Last year, a713production shot a short film about the struggles children growing up in the world today, and how finding inner strength in the midst of difficult times can help them find a brighter future. The symbol of this inner strength, a dog named “Trouble,” was conceived of by Kendra and Sheila Duncan, and has taken on a life of it’s own by helping children around the country and the globe to believe in themselves and have faith in a better tomorrow. The project of “Trouble” the dog was put together by Mark and Bethany Constance of a713production, and shot in Portsmouth, New Hampshire early in 2011.
Now, “Trouble” is set to come back to Portsmouth for a showing at the Portsmouth Public Library on May 6th. The program will include a selection of dynamic speakers and screening, as well as a reception.
“Our film, “Trouble,” is — unfortunately — a very timely piece. Every day more children become victims of bullying, abuse, homelessness, and illness. Our film illustrates these statistics in a dramatic, informative way. This generation of children is more stressed than any before them. Our goal is to shed light on what’s happening to kids in our own communities… and to utilize the character of Trouble The Dog as a coping mechanism for these innocent victims and open the lines of communication to help them. Kids “get” the concept of hope and resilience behind Trouble,” says Sheila Duncan.
She goes further to say, “I’ve seen a recent change in the testimonials I receive about Trouble; often a parent or guardian will tell me that their child has asked that their very favorite “buddy” Trouble, be given to another child who needs him more. And that, to me, is a very powerful message that Trouble needs to be universal.”
To find out more about Trouble, visit the website here, or like his Facebook page. You can also RSVP to the screening in Portsmouth, here. The event runs from 1 p.m. to 3:30 p.m. at the Portsmouth Public Library on May 6th. Both adults and children are invited to attend this meaningful event.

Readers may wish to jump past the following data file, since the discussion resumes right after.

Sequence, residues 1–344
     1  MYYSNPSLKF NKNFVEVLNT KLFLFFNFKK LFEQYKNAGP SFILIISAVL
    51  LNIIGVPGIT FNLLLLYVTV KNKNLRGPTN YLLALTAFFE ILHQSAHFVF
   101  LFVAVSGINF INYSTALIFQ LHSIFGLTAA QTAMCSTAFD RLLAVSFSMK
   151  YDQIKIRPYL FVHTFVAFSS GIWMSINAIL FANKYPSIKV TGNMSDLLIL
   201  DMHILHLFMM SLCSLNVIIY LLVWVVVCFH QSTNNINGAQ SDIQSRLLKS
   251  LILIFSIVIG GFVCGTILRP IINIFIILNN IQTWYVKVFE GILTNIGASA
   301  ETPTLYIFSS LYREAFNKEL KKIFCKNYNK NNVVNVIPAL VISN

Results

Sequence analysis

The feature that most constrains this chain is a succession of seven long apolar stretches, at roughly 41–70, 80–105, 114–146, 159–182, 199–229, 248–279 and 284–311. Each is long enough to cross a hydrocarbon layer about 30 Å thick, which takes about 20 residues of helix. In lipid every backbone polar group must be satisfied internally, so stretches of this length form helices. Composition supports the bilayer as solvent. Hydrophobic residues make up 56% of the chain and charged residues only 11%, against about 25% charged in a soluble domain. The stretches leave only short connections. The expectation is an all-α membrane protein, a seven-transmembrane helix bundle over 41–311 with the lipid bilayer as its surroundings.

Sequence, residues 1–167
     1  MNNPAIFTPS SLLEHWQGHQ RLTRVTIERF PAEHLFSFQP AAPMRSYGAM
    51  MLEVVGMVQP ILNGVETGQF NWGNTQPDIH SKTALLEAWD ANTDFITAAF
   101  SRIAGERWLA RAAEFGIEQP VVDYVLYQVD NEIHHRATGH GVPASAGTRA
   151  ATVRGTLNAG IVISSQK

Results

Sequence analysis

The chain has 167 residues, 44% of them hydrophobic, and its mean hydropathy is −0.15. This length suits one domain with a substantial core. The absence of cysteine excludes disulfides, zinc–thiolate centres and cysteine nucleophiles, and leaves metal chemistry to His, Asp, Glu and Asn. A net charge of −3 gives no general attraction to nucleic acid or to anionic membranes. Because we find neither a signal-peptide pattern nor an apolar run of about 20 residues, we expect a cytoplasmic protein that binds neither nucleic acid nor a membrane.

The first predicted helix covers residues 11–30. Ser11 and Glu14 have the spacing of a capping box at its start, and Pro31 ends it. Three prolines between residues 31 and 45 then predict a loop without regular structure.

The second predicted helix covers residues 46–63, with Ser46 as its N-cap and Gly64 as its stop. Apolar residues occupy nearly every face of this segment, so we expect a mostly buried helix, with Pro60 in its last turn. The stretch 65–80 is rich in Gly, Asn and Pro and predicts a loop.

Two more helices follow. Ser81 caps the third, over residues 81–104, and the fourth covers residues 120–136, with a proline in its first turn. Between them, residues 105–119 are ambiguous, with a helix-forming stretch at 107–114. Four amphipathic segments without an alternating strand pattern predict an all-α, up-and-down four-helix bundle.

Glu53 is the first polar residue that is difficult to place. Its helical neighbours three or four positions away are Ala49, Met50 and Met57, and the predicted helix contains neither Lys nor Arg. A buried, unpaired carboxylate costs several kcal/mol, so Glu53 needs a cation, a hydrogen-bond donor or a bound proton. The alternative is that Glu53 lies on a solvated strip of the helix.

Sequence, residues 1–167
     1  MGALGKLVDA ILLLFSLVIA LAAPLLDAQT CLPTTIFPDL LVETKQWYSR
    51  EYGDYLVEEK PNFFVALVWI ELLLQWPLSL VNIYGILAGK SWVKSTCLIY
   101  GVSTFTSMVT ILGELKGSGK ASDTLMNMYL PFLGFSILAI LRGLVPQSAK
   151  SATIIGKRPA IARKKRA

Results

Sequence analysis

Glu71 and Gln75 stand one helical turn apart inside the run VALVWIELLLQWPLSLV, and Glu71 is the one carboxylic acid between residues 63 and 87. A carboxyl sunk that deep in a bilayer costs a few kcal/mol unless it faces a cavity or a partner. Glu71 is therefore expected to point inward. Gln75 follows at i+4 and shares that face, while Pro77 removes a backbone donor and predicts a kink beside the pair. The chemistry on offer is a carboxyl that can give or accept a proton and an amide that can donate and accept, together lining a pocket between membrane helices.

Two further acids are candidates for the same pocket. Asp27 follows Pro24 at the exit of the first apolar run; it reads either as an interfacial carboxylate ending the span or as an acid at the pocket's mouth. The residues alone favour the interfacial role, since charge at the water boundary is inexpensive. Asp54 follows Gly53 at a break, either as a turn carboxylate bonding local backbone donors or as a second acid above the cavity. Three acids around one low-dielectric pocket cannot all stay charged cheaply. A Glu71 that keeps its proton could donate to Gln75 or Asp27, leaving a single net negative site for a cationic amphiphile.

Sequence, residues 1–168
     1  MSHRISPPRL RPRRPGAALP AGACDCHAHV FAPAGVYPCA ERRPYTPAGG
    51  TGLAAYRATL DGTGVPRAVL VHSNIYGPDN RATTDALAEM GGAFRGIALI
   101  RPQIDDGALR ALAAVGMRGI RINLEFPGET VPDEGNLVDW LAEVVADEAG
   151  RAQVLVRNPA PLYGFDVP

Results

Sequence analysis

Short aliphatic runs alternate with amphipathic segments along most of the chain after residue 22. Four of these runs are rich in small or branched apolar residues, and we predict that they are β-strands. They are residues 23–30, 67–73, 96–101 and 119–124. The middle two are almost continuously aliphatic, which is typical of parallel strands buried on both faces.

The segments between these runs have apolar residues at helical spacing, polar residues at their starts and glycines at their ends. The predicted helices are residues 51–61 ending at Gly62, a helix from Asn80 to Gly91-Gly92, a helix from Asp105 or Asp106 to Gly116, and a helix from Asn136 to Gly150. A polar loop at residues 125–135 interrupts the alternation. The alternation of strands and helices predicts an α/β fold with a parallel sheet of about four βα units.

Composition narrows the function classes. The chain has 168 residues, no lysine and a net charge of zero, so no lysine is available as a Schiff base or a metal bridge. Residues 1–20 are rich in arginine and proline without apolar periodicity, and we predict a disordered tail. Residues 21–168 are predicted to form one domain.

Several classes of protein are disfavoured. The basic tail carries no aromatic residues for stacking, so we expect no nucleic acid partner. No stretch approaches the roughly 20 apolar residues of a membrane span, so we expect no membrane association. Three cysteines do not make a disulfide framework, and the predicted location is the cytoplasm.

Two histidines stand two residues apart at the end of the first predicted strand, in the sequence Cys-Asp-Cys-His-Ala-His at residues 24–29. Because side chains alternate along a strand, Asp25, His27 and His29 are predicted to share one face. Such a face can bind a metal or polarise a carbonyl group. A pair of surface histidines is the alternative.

Growing up is hard enough in this day and age. The social pressures that kids feel from their peers in regards to all sorts of hot-button issues is jaw-dropping to say the least. Before most pre-teens even enter high school, most of them have already encountered drug use, been pushed to engage in sexual activity, and been offered alcohol by a peer. Now imagine all these stresses as a 12 year old girl who had just lost a dad, a grandmother, and a dog to cancer, all within the same year.
In 2006, this is what happened to Massachusetts native Kendra Duncan. A creative girl, with a talent for drawing, she sketched a black and white dog, to help her cope with her loss, and named him “Trouble.” Kendra’s aunt, Sheila, saw immediately in her niece’s creation a potential source of inspiration for kids everywhere going through tough times. So Sheila took it upon herself to get stuffed animals made of the dog, and started distributing it to children in local hospitals. Soon, requests for the dog were coming in from other places–sometimes as far as Haiti and Africa, from children and at times even adults who needed a source of comfort. Sheila then realized–it was time for “Trouble” to go further.
“What we’re hoping to do is make what they call in the industry an “intercercial”. After that, our job is to bring it to the next level, because it can only go so far here in NE in the hospitals,” says Mark Constance, who co-owns a713production based out of New Hampshire, with his wife, Bethany.
The video, which will be live action, will feature a number of kids in true-to-life situations where they may feel overwhelmed. A real dog that looks remarkably like the “Trouble” stuffed animals has been rescued, and will be playing a part in the short.
“Sheila knew there was a broader audience. Once we’re done, we want to go back to California with it…and make this into something more and really help kids. The things that kids deal with are so much more and very different, we want them to feel strong and know they can get through things on their own, that there is hope, and you can get through tough times,” says Bethany Constance.
The crew will be shooting in Portsmouth on February 20th, and will take their day’s worth of shooting and edit it down to a piece of about 3-5 minutes in length. They then will be taking it to California, where they will be pitching it to children’s programming giants, like Nickelodeon and Cartoon Network, as well as toy makers like Hasbro.
“I just want to have it explode in whatever the right direction is, to have it help as many kids and people as possible, whether its a TV series, whatever. I want “Trouble” to be a universal symbol of hope and resilience, in whatever way that works best,” says Sheila.
“Trouble” will be directed by Mark Constance and produced by Bethany Constance, Rick Dirck, and Greg Smith.
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